six-bits

six bits

dated 75 cents (0.75 US dollars). A "bit" was a former unit of currency equal to one-eighth of a dollar, used until the US adopted decimal currency in 1794. The term survived into the 20th century, especially in reference to 25 cents ("two bits"). Primarily heard in US. For six bits more, you can have breakfast brought to your room in the morning. Back in my day, you could get a full square meal for just six bits!
See also: bit, six

six-bits

n. seventy-five cents. (A bit is equal to twelve and one-half U.S. cents.) Just try one of these things. It’s only six-bits.
References in periodicals archive ?
For instance, when the characters in "The Gilded Six-Bits" are analyzed, many readers of CroWs book might want to know why Missie May is deceived by Otis Slemmons and what reconciles Joe Banks and Missie May.
The four-bits good (example: AB) and the six-bits good chips (example: ABC) are used with a specially designed DIMM PCB.
Dunn's "'The Ring of Singing Metal on Wood': Zora Neale Hurston's Artistry in 'The Gilded Six-Bits'" stands apart in this collection because in analyzing Zora Neale Hurston's "The Gilded Six-Bits" they are focusing on a short story written in 1933 not to reconcile past and present but to address themes of particular relevance during the Depression.
"The Gilded Six-Bits" presents the story of Missie May, unable to see through the shining currency to recogniz e its meager value; this mis-sight leads her to an affair with the man who owns the false coins, nearly ruining her marriage.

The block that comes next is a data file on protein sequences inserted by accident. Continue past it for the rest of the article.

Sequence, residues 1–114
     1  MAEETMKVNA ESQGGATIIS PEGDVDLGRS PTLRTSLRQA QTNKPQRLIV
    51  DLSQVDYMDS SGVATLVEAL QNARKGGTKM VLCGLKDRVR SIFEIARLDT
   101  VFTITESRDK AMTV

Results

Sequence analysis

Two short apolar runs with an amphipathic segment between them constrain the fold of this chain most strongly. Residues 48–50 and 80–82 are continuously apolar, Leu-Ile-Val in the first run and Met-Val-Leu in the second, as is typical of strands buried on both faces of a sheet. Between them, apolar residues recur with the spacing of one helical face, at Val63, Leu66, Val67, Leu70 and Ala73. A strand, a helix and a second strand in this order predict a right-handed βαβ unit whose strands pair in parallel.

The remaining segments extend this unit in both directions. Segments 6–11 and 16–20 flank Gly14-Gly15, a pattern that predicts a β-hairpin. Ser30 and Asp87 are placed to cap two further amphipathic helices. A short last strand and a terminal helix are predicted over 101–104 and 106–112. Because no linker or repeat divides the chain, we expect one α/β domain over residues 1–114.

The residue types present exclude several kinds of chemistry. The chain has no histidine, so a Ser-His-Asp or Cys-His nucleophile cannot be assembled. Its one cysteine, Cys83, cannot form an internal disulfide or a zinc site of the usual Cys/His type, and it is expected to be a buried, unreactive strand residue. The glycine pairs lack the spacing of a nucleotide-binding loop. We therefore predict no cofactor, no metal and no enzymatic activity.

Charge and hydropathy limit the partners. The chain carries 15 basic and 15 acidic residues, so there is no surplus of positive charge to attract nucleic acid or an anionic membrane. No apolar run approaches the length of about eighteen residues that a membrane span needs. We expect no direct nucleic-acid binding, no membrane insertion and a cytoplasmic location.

"THE GILDED SIX-BITS," FIRST PUBLISHED IN Story, AUGUST 1933, is Zora Neale Hurston's last short story before she became a novelist with the publication of Jonah's Gourd Vine in 1934.
As the culmination of her apprenticeship, "The Gilded Six-Bits" is significant for its foreshadowing of the themes and narrative technique of her finest novel, Their Eyes Were Watching God.
The latter period begins with "The Gilded Six-Bits" and ends with Dust Tracks on a Road (Kilson, p.
"It was a Negro yard around a Negro house," Hurston begins "The Gilded Six-Bits," "in a Negro settlement that looked to the payroll of the G.
Even the term "six-bits" resonates with popular culture of the 1930s when seventy-five cents could make a big difference, because even the smallest amounts of money had considerable buying power, or it could mean nothing at all in the face of national economic privation.
In "The Gilded Six-Bits," however, rather than addressing a moral failing on the part of her main characters, Hurston uses gilded money and Otis D.
In "The Gilded Six-Bits," Missie May, and Joe, to a lesser extent, allow corrupt desires to replace their innocent acceptance of their native cultural values.
Scholars familiar with Hurston's writing know that representations of washing and cleanliness recur in her work, perhaps most significantly in Jonah's Gourd Vine (1934), the brilliant "Gilded Six-Bits" (1933), and "Sweat" (1926).
Similarly, "The Gilded Six-Bits" opens with Missie May "bathing herself in the galvanized washtub in the bedroom" (985).
As in Jonah and "The Gilded Six-Bits," "Sweat" begins with a scene of washing: Delia Jones, a "washwoman," "squat[s] in the kitchen floor beside the great pile of clothes, sorting them into great heaps according to color" (955).
The story goes on to detail the difficult relationship between Delia and Sykes, incorporating a narrative of sexual infidelity (as in "The Gilded Six-Bits," only with a reversal of genders).